While you can teach an old dog new tricks, it’s a lot easier to teach a puppy -- if your pup learns that attacking people is acceptable behavior, he’ll keep on doing it into adulthood. Teaching your puppy not to attack is critical to avoiding a lifetime of naughty behavior, and by understanding why puppies do it, you can more easily nip this problem in the bud.
Why Puppies Bite
Puppies are curious little animals, and they want to explore and learn as much about their surroundings as possible -- and they do it with their mouths. Your puppy’s mouth is his best tool for exploring the world around him, and that means he wants to wrap his gums around everything from his favorite toy to your favorite sweater, or even your fingers. Puppies also use their mouths to play with each other, so what appears to be fighting may actually be nothing more than a harmless game. If you don’t teach your puppy limits, though, his play biting can get out of hand. Just like he would with other dogs and pups, he depends on you to tell him when he’s crossed the line between fun and pain.
Discouraging Bad Behavior
Whether or not you train your puppy, he’s going to learn. This means that if you train him not to attack, he learns not to do it, but if you don’t train him, he learns that attacking is acceptable. The trick is to discourage bad behavior whenever you see it -- every single time. For example, when two puppies play fight and the game becomes too aggressive, one puppy may yelp in pain, showing the other one that he shouldn’t play so rough. If you’re playing with your puppy and he bites, give a yelp and stop the game -- you may even walk away and ignore him for a few minutes, to teach him that attacking leads to a negative consequence. Similarly, if your puppy insists on rough play like tackling, give him a stern response, then ignore him. This teaches him that his attack behavior leads to the opposite of the result he wanted, and over time, he’ll stop doing it.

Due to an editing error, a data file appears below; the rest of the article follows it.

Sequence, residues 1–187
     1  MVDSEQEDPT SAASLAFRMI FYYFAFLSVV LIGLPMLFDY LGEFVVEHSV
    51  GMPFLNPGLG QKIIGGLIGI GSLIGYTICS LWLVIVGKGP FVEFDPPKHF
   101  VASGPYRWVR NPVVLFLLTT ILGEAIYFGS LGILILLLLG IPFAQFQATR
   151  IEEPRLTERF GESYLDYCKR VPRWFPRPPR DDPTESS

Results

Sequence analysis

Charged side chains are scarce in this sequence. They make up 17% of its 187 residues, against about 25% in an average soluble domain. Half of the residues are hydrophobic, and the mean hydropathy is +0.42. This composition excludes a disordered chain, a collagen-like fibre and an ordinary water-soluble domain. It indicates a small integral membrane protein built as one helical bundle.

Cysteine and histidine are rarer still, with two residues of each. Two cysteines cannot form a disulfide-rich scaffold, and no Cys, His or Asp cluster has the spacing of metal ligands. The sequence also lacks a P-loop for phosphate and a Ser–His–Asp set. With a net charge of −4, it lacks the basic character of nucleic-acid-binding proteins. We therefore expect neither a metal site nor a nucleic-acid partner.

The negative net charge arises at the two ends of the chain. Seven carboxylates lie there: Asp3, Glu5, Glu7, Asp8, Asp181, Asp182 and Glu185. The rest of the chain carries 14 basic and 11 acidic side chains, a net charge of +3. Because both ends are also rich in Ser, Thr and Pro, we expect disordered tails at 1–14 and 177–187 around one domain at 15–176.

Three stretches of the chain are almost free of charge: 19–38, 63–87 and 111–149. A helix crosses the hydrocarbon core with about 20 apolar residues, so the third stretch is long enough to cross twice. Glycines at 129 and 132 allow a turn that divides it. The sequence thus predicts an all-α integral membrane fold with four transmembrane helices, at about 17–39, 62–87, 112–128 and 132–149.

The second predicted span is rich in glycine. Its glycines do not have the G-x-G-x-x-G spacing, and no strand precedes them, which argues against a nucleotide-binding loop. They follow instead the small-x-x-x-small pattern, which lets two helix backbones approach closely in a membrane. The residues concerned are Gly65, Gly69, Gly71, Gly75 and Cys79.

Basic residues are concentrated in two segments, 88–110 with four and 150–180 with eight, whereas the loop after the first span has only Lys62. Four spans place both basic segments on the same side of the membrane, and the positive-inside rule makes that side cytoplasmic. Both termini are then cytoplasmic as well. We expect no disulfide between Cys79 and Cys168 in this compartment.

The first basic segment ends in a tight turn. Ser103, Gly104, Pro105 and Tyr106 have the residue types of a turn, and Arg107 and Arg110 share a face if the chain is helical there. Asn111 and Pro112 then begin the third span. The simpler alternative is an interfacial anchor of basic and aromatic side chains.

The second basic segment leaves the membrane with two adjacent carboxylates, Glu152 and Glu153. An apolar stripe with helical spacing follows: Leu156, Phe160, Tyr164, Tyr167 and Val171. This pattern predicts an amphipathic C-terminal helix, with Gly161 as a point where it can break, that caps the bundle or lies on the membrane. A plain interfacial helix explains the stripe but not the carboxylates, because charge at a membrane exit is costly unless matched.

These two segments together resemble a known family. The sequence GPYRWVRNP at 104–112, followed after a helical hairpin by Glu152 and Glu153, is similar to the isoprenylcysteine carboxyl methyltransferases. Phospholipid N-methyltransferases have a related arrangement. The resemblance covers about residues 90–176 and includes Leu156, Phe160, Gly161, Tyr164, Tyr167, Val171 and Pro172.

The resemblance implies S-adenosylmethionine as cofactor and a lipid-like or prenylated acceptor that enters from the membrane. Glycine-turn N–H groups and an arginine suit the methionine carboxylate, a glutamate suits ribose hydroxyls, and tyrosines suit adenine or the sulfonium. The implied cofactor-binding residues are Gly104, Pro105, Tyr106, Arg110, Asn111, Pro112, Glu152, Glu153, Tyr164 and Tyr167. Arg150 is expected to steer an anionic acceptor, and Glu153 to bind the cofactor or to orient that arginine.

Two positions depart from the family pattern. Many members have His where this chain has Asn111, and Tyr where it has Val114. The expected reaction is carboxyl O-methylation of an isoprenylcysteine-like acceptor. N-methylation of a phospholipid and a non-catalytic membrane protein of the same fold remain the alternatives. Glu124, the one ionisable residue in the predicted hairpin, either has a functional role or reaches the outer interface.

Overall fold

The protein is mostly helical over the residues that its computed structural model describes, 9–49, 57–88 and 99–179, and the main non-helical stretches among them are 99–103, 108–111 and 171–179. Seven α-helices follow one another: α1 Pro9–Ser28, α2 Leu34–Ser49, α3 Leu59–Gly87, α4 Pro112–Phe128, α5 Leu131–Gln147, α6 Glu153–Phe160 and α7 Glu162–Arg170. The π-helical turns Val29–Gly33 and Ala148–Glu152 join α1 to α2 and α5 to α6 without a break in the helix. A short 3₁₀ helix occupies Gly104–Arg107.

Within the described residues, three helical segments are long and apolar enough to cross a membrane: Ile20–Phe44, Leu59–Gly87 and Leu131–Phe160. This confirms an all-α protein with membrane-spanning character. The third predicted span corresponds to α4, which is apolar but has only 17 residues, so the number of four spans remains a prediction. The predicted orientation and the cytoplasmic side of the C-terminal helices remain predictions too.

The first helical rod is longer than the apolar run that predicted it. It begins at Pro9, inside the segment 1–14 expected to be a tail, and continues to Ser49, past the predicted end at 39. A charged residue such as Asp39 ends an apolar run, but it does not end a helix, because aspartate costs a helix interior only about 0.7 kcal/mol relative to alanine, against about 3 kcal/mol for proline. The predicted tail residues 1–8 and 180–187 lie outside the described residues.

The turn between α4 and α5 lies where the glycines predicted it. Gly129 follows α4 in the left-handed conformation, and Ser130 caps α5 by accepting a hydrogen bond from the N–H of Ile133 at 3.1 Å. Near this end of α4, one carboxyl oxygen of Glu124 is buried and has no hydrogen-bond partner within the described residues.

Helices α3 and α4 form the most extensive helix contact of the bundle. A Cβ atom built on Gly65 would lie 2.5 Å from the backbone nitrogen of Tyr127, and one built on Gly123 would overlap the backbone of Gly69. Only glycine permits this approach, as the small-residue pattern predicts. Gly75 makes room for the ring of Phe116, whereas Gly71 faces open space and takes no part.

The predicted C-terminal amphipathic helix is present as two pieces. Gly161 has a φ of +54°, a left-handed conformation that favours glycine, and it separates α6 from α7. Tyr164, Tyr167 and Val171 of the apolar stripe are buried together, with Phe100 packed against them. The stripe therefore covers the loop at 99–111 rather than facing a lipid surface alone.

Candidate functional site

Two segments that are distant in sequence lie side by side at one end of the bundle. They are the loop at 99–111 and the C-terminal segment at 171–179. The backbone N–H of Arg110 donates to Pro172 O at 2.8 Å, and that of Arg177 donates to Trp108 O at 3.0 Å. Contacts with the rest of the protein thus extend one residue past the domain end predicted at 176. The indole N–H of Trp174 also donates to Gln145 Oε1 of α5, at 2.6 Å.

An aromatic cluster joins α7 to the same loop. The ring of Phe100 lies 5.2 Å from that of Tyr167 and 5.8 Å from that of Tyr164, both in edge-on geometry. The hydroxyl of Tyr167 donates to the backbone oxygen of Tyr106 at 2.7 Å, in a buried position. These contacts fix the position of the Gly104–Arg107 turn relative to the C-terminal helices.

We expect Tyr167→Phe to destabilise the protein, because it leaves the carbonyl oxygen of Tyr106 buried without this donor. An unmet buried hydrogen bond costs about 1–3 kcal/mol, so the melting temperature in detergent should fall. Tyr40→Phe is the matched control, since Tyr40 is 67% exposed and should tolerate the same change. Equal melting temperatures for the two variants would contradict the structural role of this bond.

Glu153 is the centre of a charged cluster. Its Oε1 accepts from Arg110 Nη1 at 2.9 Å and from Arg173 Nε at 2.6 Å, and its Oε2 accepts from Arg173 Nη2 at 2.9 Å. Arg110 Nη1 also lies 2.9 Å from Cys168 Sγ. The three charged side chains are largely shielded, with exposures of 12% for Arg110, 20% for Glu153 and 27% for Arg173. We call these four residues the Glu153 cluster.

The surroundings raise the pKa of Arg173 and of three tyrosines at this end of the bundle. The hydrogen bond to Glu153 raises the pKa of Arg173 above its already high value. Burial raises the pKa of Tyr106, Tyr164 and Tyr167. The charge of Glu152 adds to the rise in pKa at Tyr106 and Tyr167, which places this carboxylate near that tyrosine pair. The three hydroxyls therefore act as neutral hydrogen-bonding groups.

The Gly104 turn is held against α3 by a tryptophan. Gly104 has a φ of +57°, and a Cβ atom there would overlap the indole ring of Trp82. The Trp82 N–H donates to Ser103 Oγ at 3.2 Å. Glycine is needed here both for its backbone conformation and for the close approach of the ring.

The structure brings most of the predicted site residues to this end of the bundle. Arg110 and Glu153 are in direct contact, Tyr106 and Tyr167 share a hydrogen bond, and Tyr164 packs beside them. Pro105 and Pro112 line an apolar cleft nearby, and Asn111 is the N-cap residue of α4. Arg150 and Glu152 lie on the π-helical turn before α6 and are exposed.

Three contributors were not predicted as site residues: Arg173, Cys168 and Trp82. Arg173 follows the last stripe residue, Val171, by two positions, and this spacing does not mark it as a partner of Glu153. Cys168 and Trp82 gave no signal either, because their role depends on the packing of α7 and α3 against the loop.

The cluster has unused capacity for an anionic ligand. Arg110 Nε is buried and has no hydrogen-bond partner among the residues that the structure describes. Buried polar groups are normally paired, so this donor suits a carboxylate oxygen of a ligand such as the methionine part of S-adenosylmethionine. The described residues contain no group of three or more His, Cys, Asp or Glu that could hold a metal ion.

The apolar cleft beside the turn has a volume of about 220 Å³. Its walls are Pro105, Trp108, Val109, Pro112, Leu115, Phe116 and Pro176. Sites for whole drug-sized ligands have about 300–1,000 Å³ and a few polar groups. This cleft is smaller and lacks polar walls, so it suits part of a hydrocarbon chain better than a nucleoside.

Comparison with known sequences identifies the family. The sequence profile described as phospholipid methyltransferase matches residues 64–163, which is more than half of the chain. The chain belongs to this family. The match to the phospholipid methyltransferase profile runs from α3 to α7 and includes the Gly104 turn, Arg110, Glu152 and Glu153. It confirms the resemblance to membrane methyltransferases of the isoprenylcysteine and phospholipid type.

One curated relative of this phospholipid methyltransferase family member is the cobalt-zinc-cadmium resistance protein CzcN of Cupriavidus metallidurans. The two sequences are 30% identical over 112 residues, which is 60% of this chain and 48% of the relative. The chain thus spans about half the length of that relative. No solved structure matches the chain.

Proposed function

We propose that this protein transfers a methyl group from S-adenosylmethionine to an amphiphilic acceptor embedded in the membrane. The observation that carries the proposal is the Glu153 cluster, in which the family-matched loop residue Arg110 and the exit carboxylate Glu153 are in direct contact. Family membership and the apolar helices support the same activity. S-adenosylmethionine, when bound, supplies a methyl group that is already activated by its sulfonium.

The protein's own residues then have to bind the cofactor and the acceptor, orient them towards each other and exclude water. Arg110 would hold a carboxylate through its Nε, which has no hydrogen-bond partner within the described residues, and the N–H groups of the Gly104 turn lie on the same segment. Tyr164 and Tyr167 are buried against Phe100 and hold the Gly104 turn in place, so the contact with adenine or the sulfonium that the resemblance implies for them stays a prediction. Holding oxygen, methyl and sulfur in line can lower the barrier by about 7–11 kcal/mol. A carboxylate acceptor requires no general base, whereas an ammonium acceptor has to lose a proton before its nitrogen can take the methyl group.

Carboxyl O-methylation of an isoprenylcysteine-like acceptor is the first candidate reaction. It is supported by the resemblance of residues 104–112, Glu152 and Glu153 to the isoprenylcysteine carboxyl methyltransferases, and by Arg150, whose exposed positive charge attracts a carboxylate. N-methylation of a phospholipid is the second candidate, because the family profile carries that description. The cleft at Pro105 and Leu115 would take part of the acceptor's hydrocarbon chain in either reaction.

Look on the Positive Side
Positive reinforcement can be just as effective as discouraging attack behavior, so always reward your puppy when he does something right. For example, if you come home and he resists the urge to tackle, reward him with the attention he craves. If your puppy makes it through a play session without trying to nip your fingers, shower him with praise, and/or reward him with a small treat. This combination of discouraging attack behavior and rewarding good behavior conditions your puppy to behave.
Don’t Get Defensive
When your puppy tries to attack, one of the worst things you can do is become physically aggressive in response. Smacking, slapping or even tapping your puppy for biting or tackling is not an effective method of training, and can actually have negative consequences that last a lifetime. Your puppy may learn to fear you, especially your hands, or may even become aggressive in response. Answering physically aggressive behavior with physically aggressive behavior won’t get you anywhere, and may permanently compromise the quality of your relationship with your pet.
Tom Ryan is a freelance writer, editor and English tutor. He graduated from the University of Pittsburgh with a degree in English writing, and has also worked as an arts and entertainment reporter with "The Pitt News" and a public relations and advertising copywriter with the Carnegie Library of Pittsburgh.